We figured the right direction to walk to get to the Eiffel Tower, walked until we started to see it, then just walked towards it. Keep in mind, we all still had our carry-ons with us. We ended up walking for about an hour and a half before we arrived at le Tour Eiffel. We got to sit and watch the sun set behind the tower. I thought it was so cool that there was a huge park in front of the tower, with people picnicking and enjoying the weather, it just seemed like such a beautiful place.
Another thing I remember about that time in Paris, was that no matter how hard you tried speaking in French, people would hardly even acknowledge that you were speaking to them. I think we’re very tolerant of how people speak English here in the US.
Along our walk, we inquired at a few hotels about their pricing, but all were incredibly expensive. We had no idea where the hostels were, and didn’t make a lot of effort to find one. After hanging around a bit, we decided to go back to the airport. We found a subway entrance, and got back on the train to Charles de Gaulle.
We then learned another thing about Paris, the airport is nearly completely empty at night. Nothing. No security guards, no restaurants open, no passengers. It was this way from about 10pm to 6am. We had almost the entire airport to ourselves, and we also hadn’t had dinner. We didn’t eat while in the city because we figured we could just go to a restaurant when we got back to the airport. We found some vending machines and spent 35 euros on snacks to tide us over until the restaurants would open in the morning. We then spent the remainder of the night, alternating between sleeping on the floor and wandering the halls of the airport, waiting for the resturants to open; we all barely slept. I remember a maintenance guy buffing the floors near where we were sitting, and watching him slowly complete the large section of the lobby. Not the most exciting night, but how many people get to say they spent the night on the floor of a Paris airport.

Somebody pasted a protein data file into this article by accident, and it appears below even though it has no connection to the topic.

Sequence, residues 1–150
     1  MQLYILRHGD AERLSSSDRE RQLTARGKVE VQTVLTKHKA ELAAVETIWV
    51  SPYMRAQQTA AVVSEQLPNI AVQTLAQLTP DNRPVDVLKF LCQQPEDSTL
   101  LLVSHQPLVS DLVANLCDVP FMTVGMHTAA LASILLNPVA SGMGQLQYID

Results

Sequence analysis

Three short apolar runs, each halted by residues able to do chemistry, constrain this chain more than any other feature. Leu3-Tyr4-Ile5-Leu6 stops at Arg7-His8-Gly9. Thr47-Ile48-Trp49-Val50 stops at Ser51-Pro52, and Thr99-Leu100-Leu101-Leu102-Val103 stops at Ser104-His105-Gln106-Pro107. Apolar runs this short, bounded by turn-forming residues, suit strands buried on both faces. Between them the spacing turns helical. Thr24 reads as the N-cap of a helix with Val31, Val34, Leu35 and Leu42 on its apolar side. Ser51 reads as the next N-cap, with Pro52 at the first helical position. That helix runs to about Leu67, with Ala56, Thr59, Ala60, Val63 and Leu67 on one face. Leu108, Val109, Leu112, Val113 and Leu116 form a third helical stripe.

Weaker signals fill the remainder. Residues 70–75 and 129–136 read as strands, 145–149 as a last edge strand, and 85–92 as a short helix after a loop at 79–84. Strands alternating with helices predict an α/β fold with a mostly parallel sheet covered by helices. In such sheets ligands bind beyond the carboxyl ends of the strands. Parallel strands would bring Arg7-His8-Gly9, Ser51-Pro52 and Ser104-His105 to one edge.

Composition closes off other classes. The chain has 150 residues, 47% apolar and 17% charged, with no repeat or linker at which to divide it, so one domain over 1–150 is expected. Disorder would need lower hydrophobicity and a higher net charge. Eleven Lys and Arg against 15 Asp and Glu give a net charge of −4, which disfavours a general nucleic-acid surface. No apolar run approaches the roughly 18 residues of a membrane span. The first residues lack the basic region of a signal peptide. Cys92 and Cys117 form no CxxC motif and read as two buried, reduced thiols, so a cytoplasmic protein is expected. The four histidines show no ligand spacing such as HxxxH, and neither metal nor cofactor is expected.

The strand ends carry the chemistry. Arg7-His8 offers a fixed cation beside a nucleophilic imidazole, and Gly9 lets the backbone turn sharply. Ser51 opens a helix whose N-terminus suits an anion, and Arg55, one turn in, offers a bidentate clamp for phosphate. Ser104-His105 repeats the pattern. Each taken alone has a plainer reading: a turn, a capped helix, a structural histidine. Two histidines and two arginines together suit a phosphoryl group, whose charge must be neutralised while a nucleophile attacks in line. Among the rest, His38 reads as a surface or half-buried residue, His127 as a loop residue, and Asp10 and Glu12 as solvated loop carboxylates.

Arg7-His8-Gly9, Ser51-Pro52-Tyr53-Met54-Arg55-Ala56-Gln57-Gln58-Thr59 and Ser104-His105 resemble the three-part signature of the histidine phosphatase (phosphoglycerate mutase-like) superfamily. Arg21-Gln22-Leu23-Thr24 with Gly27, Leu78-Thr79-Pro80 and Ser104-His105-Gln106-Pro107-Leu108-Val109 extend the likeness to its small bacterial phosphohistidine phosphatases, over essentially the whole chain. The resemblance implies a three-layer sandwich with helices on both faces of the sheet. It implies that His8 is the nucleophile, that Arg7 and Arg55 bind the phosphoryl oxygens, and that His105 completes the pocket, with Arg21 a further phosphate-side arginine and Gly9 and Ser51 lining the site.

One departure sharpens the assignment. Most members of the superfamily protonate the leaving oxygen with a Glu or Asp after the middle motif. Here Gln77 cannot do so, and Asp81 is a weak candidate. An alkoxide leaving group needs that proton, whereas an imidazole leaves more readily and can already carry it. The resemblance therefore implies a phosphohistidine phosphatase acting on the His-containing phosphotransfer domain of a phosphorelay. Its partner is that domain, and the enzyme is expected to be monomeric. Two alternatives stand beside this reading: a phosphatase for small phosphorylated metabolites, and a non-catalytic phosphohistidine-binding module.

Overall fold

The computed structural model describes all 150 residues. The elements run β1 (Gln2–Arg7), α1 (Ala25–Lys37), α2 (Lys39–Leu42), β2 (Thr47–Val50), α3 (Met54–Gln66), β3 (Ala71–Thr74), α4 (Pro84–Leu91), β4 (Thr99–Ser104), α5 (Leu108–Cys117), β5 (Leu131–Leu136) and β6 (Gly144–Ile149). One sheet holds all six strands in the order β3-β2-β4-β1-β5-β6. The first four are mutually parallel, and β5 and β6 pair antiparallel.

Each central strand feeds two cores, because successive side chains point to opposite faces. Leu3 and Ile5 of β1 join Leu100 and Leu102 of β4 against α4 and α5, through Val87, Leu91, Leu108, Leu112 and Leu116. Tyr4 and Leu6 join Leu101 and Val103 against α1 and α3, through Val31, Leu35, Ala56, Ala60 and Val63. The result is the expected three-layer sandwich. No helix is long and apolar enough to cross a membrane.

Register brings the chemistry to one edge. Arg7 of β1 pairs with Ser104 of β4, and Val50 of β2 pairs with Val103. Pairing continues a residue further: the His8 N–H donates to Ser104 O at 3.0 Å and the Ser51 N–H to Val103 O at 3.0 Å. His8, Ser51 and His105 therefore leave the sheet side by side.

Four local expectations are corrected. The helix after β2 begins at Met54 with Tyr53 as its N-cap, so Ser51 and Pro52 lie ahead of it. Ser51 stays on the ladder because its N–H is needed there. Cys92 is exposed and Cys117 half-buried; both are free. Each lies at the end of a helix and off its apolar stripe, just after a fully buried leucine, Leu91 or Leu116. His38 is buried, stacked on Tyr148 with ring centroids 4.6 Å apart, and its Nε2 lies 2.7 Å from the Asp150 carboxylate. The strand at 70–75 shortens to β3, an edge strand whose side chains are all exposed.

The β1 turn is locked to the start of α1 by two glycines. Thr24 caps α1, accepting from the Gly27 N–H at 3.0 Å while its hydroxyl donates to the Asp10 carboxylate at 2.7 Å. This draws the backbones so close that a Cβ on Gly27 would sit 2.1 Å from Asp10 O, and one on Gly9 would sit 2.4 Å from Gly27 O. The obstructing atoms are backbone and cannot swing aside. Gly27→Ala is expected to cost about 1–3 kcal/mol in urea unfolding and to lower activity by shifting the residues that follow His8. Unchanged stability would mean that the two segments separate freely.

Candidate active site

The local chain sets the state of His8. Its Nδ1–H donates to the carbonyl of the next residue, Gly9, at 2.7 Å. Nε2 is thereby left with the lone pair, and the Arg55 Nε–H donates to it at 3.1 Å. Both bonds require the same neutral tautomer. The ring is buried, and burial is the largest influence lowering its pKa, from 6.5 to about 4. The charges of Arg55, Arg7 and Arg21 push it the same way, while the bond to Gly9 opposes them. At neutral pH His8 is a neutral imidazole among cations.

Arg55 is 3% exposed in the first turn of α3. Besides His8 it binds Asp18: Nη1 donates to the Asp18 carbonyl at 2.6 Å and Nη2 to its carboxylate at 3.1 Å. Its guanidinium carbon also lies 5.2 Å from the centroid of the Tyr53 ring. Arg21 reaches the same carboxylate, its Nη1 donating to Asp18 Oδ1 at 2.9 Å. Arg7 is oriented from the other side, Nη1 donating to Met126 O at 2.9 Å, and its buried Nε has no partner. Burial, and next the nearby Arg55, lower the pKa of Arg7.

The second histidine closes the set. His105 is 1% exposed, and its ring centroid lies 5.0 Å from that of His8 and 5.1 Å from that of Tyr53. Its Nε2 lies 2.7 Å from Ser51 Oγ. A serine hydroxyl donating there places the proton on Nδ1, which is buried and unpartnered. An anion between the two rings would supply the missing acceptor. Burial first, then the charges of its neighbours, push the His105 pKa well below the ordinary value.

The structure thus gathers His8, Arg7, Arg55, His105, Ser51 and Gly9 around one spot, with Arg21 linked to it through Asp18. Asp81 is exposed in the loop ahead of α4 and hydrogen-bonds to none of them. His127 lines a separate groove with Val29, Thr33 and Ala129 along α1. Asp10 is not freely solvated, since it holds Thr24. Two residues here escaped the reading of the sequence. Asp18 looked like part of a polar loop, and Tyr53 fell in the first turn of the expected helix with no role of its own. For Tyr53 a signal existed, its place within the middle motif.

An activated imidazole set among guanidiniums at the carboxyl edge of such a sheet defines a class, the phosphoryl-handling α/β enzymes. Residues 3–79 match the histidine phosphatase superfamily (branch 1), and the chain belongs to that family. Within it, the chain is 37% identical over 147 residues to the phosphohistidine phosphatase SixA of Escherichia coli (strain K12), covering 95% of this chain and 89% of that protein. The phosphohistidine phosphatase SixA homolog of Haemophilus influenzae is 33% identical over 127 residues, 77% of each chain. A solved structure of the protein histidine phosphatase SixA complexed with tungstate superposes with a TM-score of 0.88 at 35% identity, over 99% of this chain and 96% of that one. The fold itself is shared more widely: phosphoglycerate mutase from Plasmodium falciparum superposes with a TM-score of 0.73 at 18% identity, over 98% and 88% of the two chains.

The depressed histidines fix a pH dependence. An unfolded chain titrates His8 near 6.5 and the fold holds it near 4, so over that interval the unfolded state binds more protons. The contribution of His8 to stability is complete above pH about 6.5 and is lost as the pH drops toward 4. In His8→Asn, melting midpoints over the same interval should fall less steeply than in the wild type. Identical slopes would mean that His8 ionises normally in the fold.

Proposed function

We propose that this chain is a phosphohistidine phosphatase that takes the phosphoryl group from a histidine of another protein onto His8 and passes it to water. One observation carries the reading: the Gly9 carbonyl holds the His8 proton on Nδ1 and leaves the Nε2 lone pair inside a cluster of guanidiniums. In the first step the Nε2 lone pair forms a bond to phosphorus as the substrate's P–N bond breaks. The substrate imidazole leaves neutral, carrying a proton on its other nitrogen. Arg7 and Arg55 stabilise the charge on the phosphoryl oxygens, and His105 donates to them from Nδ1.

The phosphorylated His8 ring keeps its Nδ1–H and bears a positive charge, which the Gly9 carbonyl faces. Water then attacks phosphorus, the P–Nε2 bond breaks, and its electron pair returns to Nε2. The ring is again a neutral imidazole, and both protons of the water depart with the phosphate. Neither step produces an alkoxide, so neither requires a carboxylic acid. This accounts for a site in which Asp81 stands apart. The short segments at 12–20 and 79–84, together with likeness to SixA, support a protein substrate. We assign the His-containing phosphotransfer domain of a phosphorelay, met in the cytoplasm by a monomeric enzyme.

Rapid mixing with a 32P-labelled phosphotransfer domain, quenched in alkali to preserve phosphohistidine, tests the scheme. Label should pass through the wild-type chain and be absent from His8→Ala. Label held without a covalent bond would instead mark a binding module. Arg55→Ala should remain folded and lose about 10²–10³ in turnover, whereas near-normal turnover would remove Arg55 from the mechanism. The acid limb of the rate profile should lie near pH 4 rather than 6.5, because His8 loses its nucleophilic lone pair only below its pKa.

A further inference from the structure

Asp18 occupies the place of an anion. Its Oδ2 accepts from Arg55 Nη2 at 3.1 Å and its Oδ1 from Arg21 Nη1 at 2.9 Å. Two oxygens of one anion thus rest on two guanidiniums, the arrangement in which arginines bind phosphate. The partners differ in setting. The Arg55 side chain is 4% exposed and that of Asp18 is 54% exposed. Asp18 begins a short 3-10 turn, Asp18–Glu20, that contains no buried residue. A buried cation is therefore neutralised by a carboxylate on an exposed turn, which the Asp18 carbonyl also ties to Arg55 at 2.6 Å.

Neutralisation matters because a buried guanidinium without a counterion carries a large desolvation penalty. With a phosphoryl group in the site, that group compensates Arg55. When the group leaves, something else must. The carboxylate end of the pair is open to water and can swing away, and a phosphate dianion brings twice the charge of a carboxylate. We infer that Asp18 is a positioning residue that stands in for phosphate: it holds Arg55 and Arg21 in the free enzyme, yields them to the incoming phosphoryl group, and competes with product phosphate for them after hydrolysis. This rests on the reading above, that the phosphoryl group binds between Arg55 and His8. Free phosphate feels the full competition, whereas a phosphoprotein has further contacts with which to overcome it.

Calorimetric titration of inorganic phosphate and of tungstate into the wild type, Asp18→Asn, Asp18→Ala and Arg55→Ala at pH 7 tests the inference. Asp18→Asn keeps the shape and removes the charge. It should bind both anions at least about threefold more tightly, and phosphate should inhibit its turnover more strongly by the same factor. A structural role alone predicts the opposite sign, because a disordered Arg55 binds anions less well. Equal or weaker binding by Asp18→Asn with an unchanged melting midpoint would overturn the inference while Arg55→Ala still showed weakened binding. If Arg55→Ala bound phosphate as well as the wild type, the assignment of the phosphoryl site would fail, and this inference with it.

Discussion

Finally, morning came and we were able to get breakfast, get to our gate, and get on our plane to Madagascar. The flight to Madagascar was another 11 hour flight, over the Mediterranean, over the Sahara (a cool sight from the window of the plane) and into Antananarivo (Tana) the capital of Madagascar, but still not our final destination.
We arrived their late at night, and were picked up by Tom and Lauralee, the Nazarene missionaries in Tana, who were also with our translator Patrice. We stayed the night at an inn close to the airport. The beds had down mattresses that weren’t fully filled, so by the end of the night I was just sleeping on the hard bed frame.
The next morning, Thursday, we boarded the plane to reach our final destination; a two hour flight to Nosy Be (“big island”), a small island on the north end of the main island. The plane was a rickety old Air Madagascar 737 with paint chips and dents in the wings and seatbacks that all flopped forward when the plane braked, unless someone was sitting in them. There also seemed to be much more steep banked turns on that two hour flight than necessary.
At the Nosy Be airport, we were greeted by David, the missionary we would be working with for the summer, and Don, our colorful tour guide, thus completing our three day trip.